Toronto Police Services Complain That Burglary Alarms Take up Too Much of Their Time

torontopoliceToronto Police Services are catching flak for a new controversial plan that would see the Queen City’s finest reduce their responses to burglary alarms. Over 20,000 burglary alarms go off at Toronto homes and businesses per year. The TPS says that responding to those calls takes city cops away from more important business, and they claim that responding to the trivial matter of protecting the city they have a duty to costs the department too much money. Needless to say, Torontonians are less than impressed with the complaint.

Why the TPS’s Complaint is Completely Ludicrous
According to records from the Toronto Police Service, there are more than 10,000 cases of break and enters in the city annually. When you include robberies in the statistics, the number of crimes involving theft, violent or otherwise, rises to nearly 15,000. This is why the Canadian Security Association believes that scaling back police response to burglary alarms is just plain crazy. In an interview with The Toronto Star, J.F. Champagne, executive director of the Canadian Security Association said, “This could result in an increase in break and enters.”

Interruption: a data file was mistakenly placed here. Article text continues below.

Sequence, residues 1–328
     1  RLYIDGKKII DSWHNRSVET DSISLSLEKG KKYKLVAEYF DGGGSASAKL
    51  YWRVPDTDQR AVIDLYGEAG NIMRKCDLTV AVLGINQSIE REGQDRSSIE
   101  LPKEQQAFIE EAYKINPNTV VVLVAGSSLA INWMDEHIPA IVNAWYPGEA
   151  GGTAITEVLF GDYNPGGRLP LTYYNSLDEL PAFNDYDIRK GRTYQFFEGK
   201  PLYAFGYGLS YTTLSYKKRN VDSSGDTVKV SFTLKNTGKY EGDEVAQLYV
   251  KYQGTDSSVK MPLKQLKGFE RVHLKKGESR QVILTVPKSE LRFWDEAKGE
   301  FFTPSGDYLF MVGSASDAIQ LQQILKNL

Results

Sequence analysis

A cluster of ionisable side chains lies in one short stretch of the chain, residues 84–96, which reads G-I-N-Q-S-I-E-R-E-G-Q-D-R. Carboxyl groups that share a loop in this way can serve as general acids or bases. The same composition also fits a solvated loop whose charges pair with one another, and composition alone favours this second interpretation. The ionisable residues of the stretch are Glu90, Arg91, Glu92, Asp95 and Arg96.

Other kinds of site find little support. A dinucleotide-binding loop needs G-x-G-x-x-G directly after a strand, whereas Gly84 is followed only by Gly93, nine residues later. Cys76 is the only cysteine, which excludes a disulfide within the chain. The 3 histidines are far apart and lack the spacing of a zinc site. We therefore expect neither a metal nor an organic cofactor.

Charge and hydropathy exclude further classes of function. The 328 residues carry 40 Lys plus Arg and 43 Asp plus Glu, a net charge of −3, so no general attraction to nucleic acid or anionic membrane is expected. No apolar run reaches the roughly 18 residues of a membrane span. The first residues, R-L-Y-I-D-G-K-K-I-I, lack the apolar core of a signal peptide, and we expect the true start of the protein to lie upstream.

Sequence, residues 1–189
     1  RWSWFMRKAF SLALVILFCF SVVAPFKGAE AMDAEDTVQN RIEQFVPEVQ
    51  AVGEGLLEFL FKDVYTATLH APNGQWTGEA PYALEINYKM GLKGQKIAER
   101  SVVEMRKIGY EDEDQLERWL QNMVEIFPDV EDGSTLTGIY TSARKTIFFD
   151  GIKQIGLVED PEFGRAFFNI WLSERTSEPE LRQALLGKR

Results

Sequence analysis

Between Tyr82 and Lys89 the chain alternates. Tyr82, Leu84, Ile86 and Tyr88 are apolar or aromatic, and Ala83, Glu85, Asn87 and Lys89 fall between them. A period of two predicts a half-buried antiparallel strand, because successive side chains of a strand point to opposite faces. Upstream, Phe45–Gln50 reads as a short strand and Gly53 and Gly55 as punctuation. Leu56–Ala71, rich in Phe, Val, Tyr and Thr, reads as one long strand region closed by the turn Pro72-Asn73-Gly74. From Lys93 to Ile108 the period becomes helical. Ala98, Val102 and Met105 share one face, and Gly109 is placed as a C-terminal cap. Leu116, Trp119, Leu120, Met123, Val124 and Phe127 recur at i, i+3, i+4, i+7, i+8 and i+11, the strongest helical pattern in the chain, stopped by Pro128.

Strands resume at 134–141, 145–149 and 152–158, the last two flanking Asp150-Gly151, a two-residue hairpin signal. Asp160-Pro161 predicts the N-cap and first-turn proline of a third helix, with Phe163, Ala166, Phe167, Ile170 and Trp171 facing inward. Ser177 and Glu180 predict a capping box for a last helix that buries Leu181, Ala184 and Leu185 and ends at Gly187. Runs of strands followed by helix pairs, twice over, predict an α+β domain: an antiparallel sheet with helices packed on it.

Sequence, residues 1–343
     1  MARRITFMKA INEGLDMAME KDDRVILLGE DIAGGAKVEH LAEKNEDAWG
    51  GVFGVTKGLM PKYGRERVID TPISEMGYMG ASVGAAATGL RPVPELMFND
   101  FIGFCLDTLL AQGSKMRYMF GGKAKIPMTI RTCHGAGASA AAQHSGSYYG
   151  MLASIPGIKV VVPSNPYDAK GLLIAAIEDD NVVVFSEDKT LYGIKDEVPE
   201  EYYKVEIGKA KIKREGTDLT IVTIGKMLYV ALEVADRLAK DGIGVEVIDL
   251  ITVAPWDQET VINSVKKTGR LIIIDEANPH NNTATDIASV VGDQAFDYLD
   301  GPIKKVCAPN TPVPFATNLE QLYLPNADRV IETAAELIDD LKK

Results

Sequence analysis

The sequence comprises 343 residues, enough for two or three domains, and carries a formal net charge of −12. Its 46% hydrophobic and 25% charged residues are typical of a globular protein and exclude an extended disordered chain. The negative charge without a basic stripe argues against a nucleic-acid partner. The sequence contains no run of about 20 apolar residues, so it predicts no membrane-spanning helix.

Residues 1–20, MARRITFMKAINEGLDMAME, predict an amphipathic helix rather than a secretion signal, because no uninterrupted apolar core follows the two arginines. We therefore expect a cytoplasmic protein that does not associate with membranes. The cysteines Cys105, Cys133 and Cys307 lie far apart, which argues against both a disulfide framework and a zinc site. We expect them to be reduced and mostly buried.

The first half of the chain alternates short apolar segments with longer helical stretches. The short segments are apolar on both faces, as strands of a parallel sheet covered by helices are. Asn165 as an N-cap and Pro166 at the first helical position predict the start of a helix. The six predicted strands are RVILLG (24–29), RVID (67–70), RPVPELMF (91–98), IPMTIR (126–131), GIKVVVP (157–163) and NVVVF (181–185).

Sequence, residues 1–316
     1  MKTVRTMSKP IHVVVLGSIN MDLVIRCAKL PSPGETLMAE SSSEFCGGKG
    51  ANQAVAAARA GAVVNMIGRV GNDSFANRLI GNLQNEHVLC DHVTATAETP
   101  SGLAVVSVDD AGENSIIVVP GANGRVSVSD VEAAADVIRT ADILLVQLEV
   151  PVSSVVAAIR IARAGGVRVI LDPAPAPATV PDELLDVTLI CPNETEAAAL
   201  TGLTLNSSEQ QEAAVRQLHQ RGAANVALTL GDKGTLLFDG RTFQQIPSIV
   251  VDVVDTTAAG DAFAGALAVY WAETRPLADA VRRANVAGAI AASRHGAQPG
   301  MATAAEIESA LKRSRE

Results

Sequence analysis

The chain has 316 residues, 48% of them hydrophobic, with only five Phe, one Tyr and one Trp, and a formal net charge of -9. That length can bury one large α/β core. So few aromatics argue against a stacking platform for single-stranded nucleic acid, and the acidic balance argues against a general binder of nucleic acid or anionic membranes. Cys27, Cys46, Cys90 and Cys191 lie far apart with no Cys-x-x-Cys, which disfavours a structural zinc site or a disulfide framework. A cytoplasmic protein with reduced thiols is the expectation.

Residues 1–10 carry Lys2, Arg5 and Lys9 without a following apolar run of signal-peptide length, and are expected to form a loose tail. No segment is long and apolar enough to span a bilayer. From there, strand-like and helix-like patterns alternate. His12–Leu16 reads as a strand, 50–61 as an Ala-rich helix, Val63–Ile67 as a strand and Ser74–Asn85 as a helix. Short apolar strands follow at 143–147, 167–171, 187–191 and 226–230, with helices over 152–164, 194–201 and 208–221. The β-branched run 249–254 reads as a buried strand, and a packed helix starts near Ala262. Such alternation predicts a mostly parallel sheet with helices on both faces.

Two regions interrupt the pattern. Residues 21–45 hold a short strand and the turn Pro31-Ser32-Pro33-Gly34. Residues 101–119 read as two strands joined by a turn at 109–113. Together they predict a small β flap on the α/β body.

“People have security alarms installed in their homes to ensure that if the alarm goes off they will get emergency services without having to worry,” says Vlad, Owner of Direct Locksmith. “It doesn’t matter what the number of false alarms is, the police should be responding to these calls as they can never know which are false and which are real.”

Nobody needs a professional security firm to tell them that the TPS’s plan is patently ridiculous. The TPS claims that all but 300 of those 20,000 aforementioned burglary alarm calls are false, meaning that only 1.5% of those they bother to answer actually require a response. Whether or not the alarms prove to be false or not is really beside the point. Should the department implement its plan to stop responding to calls altogether, that’s still 300 homes and businesses each year that will be victimized — all because the TPS doesn’t want to do its job.

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